The web is now hostile to people trying to browse it. Visiting a website has gone from one click to a chore of checkboxes and close buttons.


The escape from this has become apps. Which are pretty much all just websites. 

The ideal scenario where you go to a website and like it, so you add it to your phone's home screen and it acts like an app hasn't happened. We've now got a situation where people wrap websites as an app and have to pay to distribute it in multiple different app stores.

When they want to update their app, they have to go through this whole process and wait for it to be approved. Instead of just updating their website. And if they want to sell something in that app, they have to pay 30% to the app store owner.

What a weird fucking situation to opt into when we've already got the web. This thing where you code something once and it works on any platform. Where you control 100% of the content. Where you can update it any time you want, as often as you want. Where you can host it any way you want.

Obviously, this isn't possible for every app. But if you're selling clothes why should you ever have an app? We all know the answer, but it really shouldn't be like that.

The worst of it is when something only has an app. I have to have so many apps that should just be websites. Why can't my McDonald's app be a website that I favourite to my home screen? What is eBay doing that it can't do as a website? Why do my robot lawnmower, robot vacuum cleaner, and robot window cleaner need an app? Why does my watch need an app for the watch and an app for the watchface store? Why have I got a GitHub app? When I'm buying a car on a website why do I need to install the app to pay for it, why can't I use a website?

The Future

I don't see this getting any better. I thought the web would enlighten humanity, but instead, it's used to watch live-stream paedophile hunts. I thought it would bring people together, but instead, it's used to find and create new ways in which we can group and hate each other.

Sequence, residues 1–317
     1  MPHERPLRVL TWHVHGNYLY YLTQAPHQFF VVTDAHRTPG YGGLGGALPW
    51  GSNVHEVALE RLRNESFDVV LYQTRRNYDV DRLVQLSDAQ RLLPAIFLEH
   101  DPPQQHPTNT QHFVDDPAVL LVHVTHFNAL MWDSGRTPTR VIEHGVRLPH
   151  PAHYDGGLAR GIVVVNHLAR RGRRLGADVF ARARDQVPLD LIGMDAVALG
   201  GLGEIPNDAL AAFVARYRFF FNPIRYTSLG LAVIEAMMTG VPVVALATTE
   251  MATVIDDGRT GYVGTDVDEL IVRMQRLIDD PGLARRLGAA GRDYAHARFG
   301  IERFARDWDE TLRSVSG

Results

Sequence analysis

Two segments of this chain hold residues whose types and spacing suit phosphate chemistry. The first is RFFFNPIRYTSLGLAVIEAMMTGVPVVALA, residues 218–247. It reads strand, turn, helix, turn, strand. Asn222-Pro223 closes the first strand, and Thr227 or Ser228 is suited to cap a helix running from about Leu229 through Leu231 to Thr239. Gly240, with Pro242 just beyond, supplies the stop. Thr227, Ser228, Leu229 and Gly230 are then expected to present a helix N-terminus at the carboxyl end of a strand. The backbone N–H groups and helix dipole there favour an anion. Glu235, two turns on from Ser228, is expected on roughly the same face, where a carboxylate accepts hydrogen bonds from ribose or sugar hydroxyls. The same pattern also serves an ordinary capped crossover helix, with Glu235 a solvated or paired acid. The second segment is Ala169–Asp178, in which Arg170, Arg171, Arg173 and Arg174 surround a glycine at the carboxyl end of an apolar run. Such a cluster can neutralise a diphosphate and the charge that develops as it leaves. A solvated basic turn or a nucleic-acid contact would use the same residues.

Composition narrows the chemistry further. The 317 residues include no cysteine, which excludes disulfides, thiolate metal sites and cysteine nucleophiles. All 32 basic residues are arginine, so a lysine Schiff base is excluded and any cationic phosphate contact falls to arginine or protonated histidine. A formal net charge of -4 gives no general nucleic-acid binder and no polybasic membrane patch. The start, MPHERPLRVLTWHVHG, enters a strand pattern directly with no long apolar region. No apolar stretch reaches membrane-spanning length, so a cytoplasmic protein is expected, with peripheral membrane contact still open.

The content wrapped in ads isn't even created by humans anymore. We're now fighting ads and popups to read text written by a GPU that thinks a human would have written. We've fully automated our own misery.
Thomas Butters
Sunday, June 23, 2024
very sobering points my dude. I need to step back and rethink how i see the internet and this has helped. I forget it's a resource vs a form of entertainment. 
Sunday, June 23, 2024
this has been a sad thing to witness as I age. good post 
Monday, June 24, 2024
I've had the same feelings for the past 5+ years, and I'm only 24. It's so sad to see stuff get ruined this way, but it happens to everything that becomes too mainstream. Shortcuts are made, quality is thrown out the window, and there is zero life or passion put into it. Just formulas and methods to make it as addicting and profitable as possible to/from as many people as possible.

Indie devs & passionate devs, niche/unpopular games, fandoms that arent centred around toxicity; these are all my safe corners of the internet to stay in. Everything mainstream gets ruined, and WAY too many people are just okay with it.
Jason Graber
Monday, June 24, 2024
And people talk about capitalism like its a good thing. What you (Gary) explain exists because of capitalism.  Capitalism operates on greed, human exploitation and keeping the population stupid. We are just cash nodes. "Capitalism is responsible for so much innovation" ... my ass it is. Humans are innovative on there own regardless of capitalism. Where TF was capitalism when the wheel was invented? Capitalism is responsible for minimum wage never increasing, disability rate never being increased, your insurance company denying that detrimental procedure and greedflation.
Monday, June 24, 2024
Solid points. Good post. Thanks Garry.
Saturday, June 29, 2024
Garry spews nothing but facts
Sean O'Donnell
Wednesday, July 3, 2024

Man alive that App comment is so true. What is evil about that setup, is when an app has a feature you need, but the website doesn't. But you know in your web developer brain that the app is just the website wrapped in an app, so they must have disabled it on the website, so you had to download the app!

Wednesday, July 10, 2024
and any useful info is mostly hidden in deep layers of discord servers now
Sunday, July 14, 2024
You explained everything perfectly, especially about the paywalls. I know it is still possible today with the revival of Geocities, Neocities, but I hate that the internet now is not completely creative. Certain times it's okay but a lot of things you do or create depends on something else, a company, there's always someone greedy trying to gain profit. I don't mean this as in that no one should make money, because there's people that struggle and do things and create websites, programming for a living. I hate when things get taken over, especially from things from back then. How everything pretty cool was thrown into a website but with like you said, companies taking over and buying each other out over and over and OVER AND OVERR again, making the website bland, boring, tiring and corporate....